UK Economic Growth Will Beat Expectations: Industry Group
The U.K. could post better-than-expected growth numbers over the next three years, with a strong service sector propelling household consumption and business investment, according to business lobby group, the British Chambers of Commerce (BCC).
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In its second quarter economic outlook, the BCC upped its gross domestic product (GDP) growth forecast for 2013, 2014 and 2015, and said the service sector was likely to outperform other sectors.
"We have constantly said that earlier fears of a triple-dip recession were misguided and risked damaging confidence unnecessarily," said John Longworth, the BCC's director general, on Friday.
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The BCC raised its growth outlook for the U.K. this year to 0.9 percent, up from 0.6 percent. In addition, it increased its 2014 forecast to 1.9 percent, and its 2015 outlook to 2.4 percent.
"The upward revision is mainly due to higher-than-expected GDP growth in the first quarter of 2013, and a stronger recovery in service sector output and consumer spending. Although U.K. growth is forecast to remain modest until 2015, there will be a gradual medium-term improvement," said the BCC in its report.
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According to the Office for National Statistics' second estimate, U.K. GDP grew by 0.3 percent in the first quarter of the year, with consumer spending and stock building the main contributors to growth. In comparison, the economy contracted by 0.3 percent in the final quarter of last year.
Meanwhile, U.K. service sector data for April showed the strongest increase in business activity in eight months, after a steady improvement since the start of the year.
The BCC forecast household consumption would rise by a healthy 1.3 percent in 2013, and would continue to increase over the following two years. "A slightly stronger recovery than predicted in our March forecast, as falling CPI (consumer price index) inflation, from the third quarter 2013 onwards, will ease the squeeze on real incomes," it said.
The lobby group warned though that an uptick in inflation could harm the U.K.'s economic recovery.
"The two main risks facing our forecast are worsening euro zone prospects, and an upturn in U.K. inflation, which would squeeze real income, and could harm growth. Any attempts to boost exports by encouraging a weaker pound (for instance, by extending quantitative easing) could prove counter-productive, as the damage caused by imported inflation is likely to outweigh the small benefits to exporters," said David Kern, BCC's chief economist.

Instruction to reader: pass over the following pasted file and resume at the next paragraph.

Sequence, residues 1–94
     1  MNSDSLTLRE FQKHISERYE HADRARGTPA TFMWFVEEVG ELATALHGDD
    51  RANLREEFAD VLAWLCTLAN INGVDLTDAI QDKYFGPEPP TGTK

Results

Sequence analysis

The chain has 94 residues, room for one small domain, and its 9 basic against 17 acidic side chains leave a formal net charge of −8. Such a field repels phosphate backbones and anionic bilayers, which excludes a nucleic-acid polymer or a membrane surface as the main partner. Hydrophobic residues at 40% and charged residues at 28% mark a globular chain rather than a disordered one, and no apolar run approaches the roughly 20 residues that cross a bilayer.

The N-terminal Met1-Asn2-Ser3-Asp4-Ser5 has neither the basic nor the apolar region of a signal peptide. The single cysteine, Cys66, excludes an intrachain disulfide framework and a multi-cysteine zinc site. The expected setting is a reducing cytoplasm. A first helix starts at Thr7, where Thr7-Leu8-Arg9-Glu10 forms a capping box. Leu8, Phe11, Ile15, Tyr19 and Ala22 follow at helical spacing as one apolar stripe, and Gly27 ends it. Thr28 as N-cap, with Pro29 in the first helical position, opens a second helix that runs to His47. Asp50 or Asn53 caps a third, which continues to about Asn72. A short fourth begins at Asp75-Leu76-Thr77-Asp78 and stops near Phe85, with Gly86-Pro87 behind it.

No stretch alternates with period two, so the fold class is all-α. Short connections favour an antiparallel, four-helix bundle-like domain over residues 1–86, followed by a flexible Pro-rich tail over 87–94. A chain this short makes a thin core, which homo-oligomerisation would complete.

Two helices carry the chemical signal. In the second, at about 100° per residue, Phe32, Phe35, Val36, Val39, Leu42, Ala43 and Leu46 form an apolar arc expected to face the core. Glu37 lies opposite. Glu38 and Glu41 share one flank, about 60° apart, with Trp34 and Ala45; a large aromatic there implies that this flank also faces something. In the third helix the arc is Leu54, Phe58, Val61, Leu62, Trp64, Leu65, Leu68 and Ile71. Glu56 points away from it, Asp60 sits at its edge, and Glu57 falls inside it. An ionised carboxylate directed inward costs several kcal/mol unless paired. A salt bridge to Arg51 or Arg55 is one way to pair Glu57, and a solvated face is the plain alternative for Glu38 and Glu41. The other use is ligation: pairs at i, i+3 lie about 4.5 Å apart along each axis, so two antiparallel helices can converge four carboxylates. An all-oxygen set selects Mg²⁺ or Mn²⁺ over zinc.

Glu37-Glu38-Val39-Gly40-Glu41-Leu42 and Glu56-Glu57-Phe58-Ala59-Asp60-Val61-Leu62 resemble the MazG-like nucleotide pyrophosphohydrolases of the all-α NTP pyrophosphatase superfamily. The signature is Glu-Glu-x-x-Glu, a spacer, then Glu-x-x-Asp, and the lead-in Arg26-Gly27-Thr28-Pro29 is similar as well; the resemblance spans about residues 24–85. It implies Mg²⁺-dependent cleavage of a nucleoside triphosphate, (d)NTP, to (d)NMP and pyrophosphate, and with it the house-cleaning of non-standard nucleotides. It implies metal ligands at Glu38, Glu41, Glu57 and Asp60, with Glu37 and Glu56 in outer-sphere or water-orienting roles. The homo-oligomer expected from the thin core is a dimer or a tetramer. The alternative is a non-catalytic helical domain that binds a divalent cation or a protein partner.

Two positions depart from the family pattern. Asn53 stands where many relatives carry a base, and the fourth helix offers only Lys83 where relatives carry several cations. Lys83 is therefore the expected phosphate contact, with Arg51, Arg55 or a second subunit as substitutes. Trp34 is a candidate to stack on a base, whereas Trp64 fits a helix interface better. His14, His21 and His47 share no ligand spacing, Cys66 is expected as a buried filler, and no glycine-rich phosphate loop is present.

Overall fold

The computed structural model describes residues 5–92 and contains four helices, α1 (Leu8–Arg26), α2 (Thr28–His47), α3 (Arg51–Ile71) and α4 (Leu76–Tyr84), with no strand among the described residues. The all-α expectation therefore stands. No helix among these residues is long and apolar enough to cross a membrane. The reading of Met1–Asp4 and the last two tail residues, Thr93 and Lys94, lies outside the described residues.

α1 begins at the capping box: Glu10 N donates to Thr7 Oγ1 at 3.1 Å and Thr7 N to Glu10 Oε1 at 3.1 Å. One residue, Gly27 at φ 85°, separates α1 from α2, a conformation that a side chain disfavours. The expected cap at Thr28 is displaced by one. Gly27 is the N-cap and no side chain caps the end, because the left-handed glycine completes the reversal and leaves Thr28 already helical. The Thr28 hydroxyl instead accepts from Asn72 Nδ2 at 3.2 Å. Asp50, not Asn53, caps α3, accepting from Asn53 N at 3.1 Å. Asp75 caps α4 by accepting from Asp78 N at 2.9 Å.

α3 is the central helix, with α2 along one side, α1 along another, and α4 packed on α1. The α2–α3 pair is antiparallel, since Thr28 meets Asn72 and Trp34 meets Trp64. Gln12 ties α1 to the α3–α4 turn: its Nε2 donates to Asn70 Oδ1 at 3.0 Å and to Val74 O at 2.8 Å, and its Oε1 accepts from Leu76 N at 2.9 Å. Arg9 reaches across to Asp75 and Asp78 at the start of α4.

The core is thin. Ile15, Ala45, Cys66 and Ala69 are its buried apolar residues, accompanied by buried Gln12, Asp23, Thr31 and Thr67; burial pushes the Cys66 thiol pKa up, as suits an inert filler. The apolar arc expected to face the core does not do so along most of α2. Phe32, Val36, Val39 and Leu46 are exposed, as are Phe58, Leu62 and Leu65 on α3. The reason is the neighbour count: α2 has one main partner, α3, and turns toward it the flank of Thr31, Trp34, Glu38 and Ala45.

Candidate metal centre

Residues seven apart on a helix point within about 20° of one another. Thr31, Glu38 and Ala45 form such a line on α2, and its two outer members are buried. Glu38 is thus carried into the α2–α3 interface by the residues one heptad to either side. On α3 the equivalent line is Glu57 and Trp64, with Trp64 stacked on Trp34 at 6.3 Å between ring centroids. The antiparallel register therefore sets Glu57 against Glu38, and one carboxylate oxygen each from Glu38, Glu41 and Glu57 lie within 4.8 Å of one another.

However, Pimco said on Wednesday that currency devaluation, accompanied by higher inflation, would be the most effective way for the U.K. to generate nominal growth.
At the conference, Mike Amey, Pimco's head of sterling portfolios, said incoming Bank of England Governor Mark Carney should aim to devalue the pound by 10-15 percent against the dollar, taking it from around $1.50 to $1.37.
"I do not think it is a big ask, on the secular horizon. It is easy to depreciate the currency as the U.K. economy is relatively open, and it is small, so depreciation has less effect on the global economy," Amey said.
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Kern stressed that efforts to rebalance the economy towards exports should be supported by measures such as greater funding for trade promotion, and connecting businesses to overseas customers.
Exports already constitute a high proportion of U.K. GDP, at around 30 percent. A declining but significant chunk of exports, roughly 50 percent, are bound for mainland Europe.
The BCC was less positive about the prospects for the U.K.'s unemployed, forecasting unemployment would reach 2.65 million, or 8.1 percent of the workforce, by the third quarter of 2014.
"We expect employment to increase in the next 18 months, but any new jobs created will not be enough to absorb the increase in the number of economically active people," wrote the BCC.
An upsurge in unemployment could prove worrying for the country's Conservative-led coalition government, as some analysts have attributed the U.K.'s resilience to the political and social instability seen elsewhere in Europe to its comparatively low level of unemployment.
"The degree of political and social cohesion in the U.K. is high given the worst recession in 50 years… Unemployment has stayed down and participation rates in particular have remained stable," Amey said.
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In its report, the BCC forecast the Bank of England would hold baseline interest rates at the record-low of 0.5 percent until the first quarter of 2015, before upping them to 0.75 percent in the subsequent quarter and 1 percent by year-end.
In addition, it predicted the Bank would increase its asset purchase program by 50 billion pounds to 425 billion pounds ($640 billion) in the third quarter of 2013. "Our view is that increasing quantitative easing at the moment is unnecessary, and could be counter-productive," the BCC said.
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—By CNBC's Katy Barnato